From William Blake’s “The Rose” and the Collages of Helen Adam


take her petals now, slowly. hold them in

your mouth and feel how they yield, melt,

twist into insects. some witchcraft cradles you

talons first.


some chord within her loses its tune.

the rose petals cracked and bore fruit

a dark secret love, all red lips and long nails

whispered a breathing exercise: no no no no


recite the orbit of the earth. recite the poetry

of men. the cries of harpies

and wind on blue cloth.  no no no

the illness that has killed the garden spreads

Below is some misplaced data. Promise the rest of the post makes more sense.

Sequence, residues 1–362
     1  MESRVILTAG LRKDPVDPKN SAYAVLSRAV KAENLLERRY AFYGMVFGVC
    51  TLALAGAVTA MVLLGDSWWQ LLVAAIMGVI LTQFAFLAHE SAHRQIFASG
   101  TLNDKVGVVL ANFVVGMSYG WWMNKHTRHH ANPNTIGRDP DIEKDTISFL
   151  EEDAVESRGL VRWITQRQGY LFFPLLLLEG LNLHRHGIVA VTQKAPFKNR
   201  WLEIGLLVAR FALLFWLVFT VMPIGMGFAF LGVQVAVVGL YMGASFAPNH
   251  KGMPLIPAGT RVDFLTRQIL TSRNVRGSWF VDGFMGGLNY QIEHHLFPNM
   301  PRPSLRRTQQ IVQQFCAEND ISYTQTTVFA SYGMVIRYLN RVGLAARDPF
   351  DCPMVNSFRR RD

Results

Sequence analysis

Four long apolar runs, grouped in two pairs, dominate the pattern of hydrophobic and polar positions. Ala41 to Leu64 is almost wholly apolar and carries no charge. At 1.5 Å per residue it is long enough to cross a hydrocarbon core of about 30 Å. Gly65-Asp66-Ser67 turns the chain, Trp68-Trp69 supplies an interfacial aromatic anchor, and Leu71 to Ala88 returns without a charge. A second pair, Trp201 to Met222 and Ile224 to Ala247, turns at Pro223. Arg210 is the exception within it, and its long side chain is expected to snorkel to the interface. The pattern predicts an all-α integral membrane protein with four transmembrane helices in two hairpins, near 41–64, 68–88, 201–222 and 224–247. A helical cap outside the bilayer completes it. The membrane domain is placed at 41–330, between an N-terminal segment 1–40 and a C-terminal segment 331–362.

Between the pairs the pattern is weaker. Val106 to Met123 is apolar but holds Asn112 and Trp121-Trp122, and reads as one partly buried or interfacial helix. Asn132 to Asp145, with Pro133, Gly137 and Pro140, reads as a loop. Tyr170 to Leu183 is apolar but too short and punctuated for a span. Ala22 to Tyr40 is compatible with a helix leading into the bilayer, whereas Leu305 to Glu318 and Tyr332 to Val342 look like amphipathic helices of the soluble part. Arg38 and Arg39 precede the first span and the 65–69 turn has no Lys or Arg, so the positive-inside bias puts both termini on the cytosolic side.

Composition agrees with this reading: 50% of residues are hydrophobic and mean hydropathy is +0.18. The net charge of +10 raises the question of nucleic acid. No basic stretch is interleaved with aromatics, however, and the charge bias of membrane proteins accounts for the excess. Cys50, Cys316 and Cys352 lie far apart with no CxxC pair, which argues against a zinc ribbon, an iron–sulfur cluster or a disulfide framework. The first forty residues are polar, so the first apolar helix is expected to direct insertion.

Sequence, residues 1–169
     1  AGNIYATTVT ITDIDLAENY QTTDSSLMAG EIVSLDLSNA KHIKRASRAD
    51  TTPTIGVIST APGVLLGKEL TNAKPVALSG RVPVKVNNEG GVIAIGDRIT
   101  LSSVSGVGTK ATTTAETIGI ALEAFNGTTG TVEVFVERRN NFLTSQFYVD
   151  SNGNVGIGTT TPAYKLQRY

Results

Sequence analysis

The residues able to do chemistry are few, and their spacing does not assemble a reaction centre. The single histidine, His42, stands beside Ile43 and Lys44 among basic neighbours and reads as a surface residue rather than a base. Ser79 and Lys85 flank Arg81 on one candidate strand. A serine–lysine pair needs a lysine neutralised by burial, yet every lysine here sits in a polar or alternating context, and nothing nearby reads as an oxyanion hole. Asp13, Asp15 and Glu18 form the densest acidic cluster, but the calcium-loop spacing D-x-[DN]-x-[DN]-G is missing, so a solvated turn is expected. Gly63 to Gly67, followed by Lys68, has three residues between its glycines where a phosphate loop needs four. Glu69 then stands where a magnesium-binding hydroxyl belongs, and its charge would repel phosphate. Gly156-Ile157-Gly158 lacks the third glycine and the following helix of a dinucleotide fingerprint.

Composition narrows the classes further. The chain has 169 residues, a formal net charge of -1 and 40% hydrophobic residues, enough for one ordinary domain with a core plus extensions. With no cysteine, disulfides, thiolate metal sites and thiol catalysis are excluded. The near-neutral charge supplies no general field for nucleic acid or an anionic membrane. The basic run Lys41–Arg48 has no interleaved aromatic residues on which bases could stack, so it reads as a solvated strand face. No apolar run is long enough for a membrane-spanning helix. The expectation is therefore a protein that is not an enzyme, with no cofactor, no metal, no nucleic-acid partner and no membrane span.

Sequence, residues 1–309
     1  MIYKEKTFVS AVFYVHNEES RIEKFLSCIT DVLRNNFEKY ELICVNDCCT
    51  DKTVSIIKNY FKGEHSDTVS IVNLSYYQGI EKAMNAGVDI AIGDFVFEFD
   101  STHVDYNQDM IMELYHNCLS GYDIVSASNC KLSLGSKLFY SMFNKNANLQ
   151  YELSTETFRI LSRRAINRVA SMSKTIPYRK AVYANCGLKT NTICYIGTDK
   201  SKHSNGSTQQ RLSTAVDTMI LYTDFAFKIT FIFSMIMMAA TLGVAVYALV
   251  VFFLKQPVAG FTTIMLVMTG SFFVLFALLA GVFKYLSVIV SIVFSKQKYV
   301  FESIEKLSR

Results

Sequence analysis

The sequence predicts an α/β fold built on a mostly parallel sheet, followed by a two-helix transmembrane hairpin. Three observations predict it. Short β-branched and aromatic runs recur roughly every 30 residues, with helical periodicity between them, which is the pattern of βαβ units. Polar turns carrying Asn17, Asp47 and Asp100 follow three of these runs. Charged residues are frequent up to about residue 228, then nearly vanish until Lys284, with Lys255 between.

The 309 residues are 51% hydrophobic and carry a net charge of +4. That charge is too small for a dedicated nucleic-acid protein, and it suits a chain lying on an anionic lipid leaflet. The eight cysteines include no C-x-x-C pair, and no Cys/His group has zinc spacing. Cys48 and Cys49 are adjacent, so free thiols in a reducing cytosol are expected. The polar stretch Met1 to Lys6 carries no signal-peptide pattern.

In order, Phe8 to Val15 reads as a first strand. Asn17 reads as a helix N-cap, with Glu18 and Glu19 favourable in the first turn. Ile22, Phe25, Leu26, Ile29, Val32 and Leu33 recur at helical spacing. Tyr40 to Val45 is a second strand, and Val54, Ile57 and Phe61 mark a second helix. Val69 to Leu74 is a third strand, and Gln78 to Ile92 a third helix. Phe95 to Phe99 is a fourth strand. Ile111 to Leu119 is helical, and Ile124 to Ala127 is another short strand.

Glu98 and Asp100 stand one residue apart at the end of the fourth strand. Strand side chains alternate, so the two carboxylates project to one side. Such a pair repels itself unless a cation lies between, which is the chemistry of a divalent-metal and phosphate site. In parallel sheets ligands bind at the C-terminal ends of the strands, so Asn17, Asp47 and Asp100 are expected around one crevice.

worms lay crushed on grey sidewalks. taste that


no no no arsenic is a woman’s weapon

you can buy it from her isn’t she pretty

no no typhoid mary had it right

insects make the best familiars they do not

cry out. taste her softness on your lips

greater men have foamed at the mouth.


there is something deliciously colorless here

like damp earth when the storm is past.